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Date:         Fri, 6 Feb 2004 12:50:59 -0800
Reply-To:     gwarning! <gwarnick@SPLATFHCRC.ORG>
Sender:       "SAS(r) Discussion" <SAS-L@LISTSERV.UGA.EDU>
From:         gwarning! <gwarnick@SPLATFHCRC.ORG>
Organization: Fred Hutchinson Cancer Research Center
Subject:      Re: SPSS vs. SAS, redux
Content-Type: text/plain; charset=us-ascii; format=flowed

I know nothing about SPSS, but I wonder how much would it cost, in time and resources, to convert your current analyses from SAS to SPSS code? greg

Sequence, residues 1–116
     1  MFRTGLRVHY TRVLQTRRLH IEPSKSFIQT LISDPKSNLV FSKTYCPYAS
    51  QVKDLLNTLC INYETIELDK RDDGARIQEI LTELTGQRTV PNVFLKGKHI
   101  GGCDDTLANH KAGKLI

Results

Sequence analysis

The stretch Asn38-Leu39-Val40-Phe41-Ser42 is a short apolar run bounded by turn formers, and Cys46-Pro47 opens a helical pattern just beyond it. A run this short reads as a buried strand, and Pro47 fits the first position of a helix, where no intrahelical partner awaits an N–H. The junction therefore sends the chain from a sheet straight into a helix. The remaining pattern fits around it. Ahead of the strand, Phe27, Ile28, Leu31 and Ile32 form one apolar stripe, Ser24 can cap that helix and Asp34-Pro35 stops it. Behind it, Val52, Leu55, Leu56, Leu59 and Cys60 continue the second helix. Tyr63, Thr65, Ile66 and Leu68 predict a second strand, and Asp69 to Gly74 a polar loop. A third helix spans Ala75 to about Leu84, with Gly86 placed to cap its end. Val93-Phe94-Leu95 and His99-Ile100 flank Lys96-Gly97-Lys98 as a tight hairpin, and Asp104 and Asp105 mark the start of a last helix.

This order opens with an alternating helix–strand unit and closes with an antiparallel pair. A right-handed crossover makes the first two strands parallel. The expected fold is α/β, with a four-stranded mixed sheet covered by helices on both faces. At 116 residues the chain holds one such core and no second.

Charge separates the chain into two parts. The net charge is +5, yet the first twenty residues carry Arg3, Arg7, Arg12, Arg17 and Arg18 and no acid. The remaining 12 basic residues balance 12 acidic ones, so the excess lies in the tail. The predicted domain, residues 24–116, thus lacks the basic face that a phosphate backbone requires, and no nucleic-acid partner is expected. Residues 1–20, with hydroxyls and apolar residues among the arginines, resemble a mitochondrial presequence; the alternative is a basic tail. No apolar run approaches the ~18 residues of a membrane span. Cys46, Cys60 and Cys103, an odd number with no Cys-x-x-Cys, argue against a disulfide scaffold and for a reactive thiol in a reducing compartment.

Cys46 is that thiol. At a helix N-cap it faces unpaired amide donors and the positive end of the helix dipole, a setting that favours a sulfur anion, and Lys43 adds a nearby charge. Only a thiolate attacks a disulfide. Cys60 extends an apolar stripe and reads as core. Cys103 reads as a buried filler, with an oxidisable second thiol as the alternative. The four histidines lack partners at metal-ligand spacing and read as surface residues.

Talbot Michael Katz wrote: > Hey, gang! > > I thought now would be as good a time as any to dust off the periodic SPSS > comparison thread, and see what the current thinking is among my fellow SAS > users. (By the way, does SPSS have a list-serve comparable to SAS-L? Or > user groups like SUGI?) Naturally, I have an ulterior motive -- the bean > counters have once again recoiled in horror at the annual $A$ $hakedown, > and they want to do some comparison shopping. I've been appointed the SAS > defense counsel. The problem is, I know less than nothing about my > opponent. I haven't used SPSS in more than ten years; I've forgotten the > little that I knew, and I have no experience with the wealth of additions > they've made in the past decade. Here's the marketing pitch they hit me > with... > > SPSS BASE > * Integrated end-user, non-programmer interfaces > * Ease of learning for quick start > * Intuitive usability for productivity > * Complex operations built-in to by-pass programming > * Extensive help system includes tutorials, statistical > coaching and results interpretation > * English, Japanese, Chinese (traditional) and Korean > interfaces, help and documentation > > * Comprehensive end-to-end functionality > * Open access to data in multiple formats (IBM DB2, ASCII, > Lotus, SAS, etc.) > * Wizard interface to data restructuring for analytical > purposes > * Automatic transformations (recoding, string, statistical, > binning, etc.) > * Comprehensive exploratory, analytical, and predictive > modelling procedures > * Regression models, Advanced Models and Trends options for > additional techniques > * Deployable model-generated data results > * Analytical, interactive and presentation-ready graphics > * Pivot-able (slice-and-dice) and fully user-formatted > tabular reports > * Reports/graphics that can be copy/pasted, drag/dropped or > exported > > * Natural CRM and survey (people) data features > * Match/merge, transportation, aggregation of multiple tables > and files > * Complete data field and value labelling > * Multiple missing data declaration, handling, analysis and > substitution > * Nominal, ordinal and scale-level measurement intelligence > > * Customised, automated and integrated > * Customised operations via macros, commands and scripts > * Storage and re-execution of operations via commands, menus, > toolbars, etc. > * Start-to-finish automated (batch) operations > * User-created default report and graphics formatting > > * Speed, efficiency and resource-conservation > * Copy-free SQL queries > * Port-forwarding schemes for remote access > * Multi-threaded database access > * Multi-locale (national language) client and server sessions > > > My first observation is that SPSS and SAS modularize differently. What > SPSS calls Base would require SAS Base, Stat, and Connect. But a lot of > what they're saying, I can't tell if it's just marketing mumbo-jumbo, or if > there's real substance. For instance, when they say "automatic > transformations," do they just mean that they have a bunch of functions > that you can manipulate data with, like substring and mean and mod and log, > etc., or are they talking about a procedure like transreg that optimizes a > loss function, or do they mean something else? > > What regression models does SPSS Base have, besides OLS? Logistic? > Censored via maximum likelihood? Censored via proportional hazards? > Response surface? GLM? Nonlinear? Does "trends" mean time series? Is > there another module with more models available? > > Is "multiple missing data declaration, etc." anything comparable to PROC MI? > > What is "measurement intelligence?" > > Is SPSS as programmable as SAS? When they say "macros, commands and > scripts" are they describing something like data steps and the SAS macro > language? (And is there anything in SPSS comparable to PROC IML?) > > What are "copy-free SQL queries?" Does SPSS have the kind of full SQL > functionality of PROC SQL? Is "port-forwarding schemes for remote access" > like rsubmit in SAS/Connect? Is "multi-threaded database access" like > mpconnect; is it something SAS doesn't have? > > One of the things you often hear is that SPSS is easier to use than SAS, > that it's more point-and-click oriented. Is SPSS Base comparable to SAS > Enterprise Guide in its point-and-click functionality? Is the SPSS input > wizard better than the SAS input wizard (I suppose it couldn't be any > worse!)? Can SPSS move data between hardware and software platforms as > easily as SAS? > > Does SPSS have data manipulation and investigation procedures, such as PROC > TRANSPOSE, PROC CONTENTS, PROC RANK, PROC COMPARE, PROC EXPORT, PROC > FORMAT, PROC TRANTAB? > > > I welcome any answers you can give, and any references to detailed > comparisons. I'm also curious to know whether any of you have experience > in "mixed" environments, where some users have SAS and others have SPSS. > > Thanks! > > -- TMK --

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